Edison: Food+Drink Lab: Chef Jeannie Pierola's food experiment began in 2012 with the warehouse district feel of the restaurant lending a sort of excitement to trying out the mishmash of a menu featuring maple bourbon glazed black grouper with a side of conch hush puppies and spicy Jamaican fried organic chicken with a banana bacon waffle. Times food critic Laura Reiley praises the restaurant's bone marrow entree, liquid nitrogen milkshakes and glazed baby root vegetables. She called the place "a rollicking, comfortable place at jeans-and-T-shirts prices." 912 W Kennedy Blvd., Tampa; (813) 254-7111.
Taco Bus: Owner Rene Valenzuela got his start in the restaurant business as a kid working a street taco stand in Mexico. So Taco Bell this is not. The order at the counter eatery has become a late night staple for downtown Tampa denizens looking to survive a night of drinking. Filling options include all the request meat options and a few vegetarian fillings (butternut squash). 505 N Franklin St., Tampa; (813) 397-2800.
Hattrick's Tavern: If all else fails, there's always the hockey bar. Luckily for Tampa, the local puck guys' hangout is also a stand up restaurant with full menu of meat filled options sure to make anyone's pads a little snug. Specializing in sandwiches, the Hattrick's offerings also dip toes into Florida seafood fare with the dinner grouper piccata and crabmeat stuffed haddock. There's also an appetizer list as long as the entree listing for people who'd just like to graze and catch the game on the big screen. 107 S Franklin St., Tampa; (813) 225-4288.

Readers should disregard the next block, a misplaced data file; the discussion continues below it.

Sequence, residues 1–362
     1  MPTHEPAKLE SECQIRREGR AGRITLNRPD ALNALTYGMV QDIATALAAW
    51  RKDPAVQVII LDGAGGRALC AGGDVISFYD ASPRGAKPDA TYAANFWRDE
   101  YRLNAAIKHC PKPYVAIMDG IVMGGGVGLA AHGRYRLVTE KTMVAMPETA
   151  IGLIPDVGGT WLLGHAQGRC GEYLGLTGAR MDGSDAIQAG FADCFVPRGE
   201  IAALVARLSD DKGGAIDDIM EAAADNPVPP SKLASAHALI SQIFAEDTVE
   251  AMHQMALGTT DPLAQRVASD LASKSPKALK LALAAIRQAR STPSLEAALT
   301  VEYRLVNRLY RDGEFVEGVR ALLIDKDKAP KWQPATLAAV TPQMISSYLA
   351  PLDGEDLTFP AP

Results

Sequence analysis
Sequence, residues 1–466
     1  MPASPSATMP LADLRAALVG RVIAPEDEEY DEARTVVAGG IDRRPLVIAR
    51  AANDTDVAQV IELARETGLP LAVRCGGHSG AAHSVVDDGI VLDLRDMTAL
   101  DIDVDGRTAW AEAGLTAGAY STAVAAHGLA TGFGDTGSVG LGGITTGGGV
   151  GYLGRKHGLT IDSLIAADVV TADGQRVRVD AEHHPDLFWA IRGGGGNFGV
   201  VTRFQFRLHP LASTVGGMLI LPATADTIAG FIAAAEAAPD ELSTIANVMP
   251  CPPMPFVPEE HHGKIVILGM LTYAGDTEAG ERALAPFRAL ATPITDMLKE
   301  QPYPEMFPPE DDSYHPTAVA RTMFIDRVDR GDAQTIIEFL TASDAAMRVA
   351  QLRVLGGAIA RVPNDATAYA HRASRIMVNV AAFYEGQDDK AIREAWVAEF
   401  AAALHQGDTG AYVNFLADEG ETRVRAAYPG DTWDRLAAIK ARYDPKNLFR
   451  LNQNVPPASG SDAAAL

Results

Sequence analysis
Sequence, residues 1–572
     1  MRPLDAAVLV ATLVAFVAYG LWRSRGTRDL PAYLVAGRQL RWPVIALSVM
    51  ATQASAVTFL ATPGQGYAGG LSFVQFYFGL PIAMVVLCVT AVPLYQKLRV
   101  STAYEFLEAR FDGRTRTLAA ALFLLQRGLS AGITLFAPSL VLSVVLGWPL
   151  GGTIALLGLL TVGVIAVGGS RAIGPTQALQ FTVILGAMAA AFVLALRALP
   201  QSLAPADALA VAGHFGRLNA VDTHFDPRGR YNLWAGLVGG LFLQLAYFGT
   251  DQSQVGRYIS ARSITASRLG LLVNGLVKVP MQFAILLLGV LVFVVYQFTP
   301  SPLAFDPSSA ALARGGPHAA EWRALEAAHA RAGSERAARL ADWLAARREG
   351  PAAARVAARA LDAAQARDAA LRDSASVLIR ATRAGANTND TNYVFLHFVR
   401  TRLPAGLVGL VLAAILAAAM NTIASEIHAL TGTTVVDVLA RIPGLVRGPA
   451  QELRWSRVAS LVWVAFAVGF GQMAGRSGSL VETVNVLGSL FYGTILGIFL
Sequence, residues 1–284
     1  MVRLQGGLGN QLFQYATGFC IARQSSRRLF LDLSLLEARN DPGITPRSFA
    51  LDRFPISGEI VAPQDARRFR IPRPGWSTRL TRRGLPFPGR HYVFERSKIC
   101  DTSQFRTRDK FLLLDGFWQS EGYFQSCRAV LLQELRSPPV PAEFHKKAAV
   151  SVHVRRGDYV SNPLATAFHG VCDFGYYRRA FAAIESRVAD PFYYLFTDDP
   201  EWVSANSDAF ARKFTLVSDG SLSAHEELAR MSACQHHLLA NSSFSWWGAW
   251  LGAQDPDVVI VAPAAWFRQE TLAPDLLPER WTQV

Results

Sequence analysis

Istanblu: For a taste of something exotic yet filling, look no further than the gyros and doner kebabs of Ybor City's only Turkish restaurant. The delicacies of the Mediterranean are meat friendly and served with filling sides of white rice and grilled tomatoes. In the middle of the city's prime bar crawl, it's a good start to a night out on the town. The traditional Turkish atmosphere comes complete with a live belly dancing dinner show. 1919 E Seventh Ave., Ybor City; (813) 304-2348.
Grimaldi's Pizzeria: Tucked in the back of West Shore Plaza Mall near Dick's Sporting Goods is a terraced pizza place with red and white checked tablecloths and almost every topping any pie lover could ever want. The chain originated under New York's famed Brooklyn Bridge and has been pitted against other famous brands as the best slice with its coal-oven, thin crust creations. 253 Westshore Plaza B1B, Tampa; (813) 287-2500.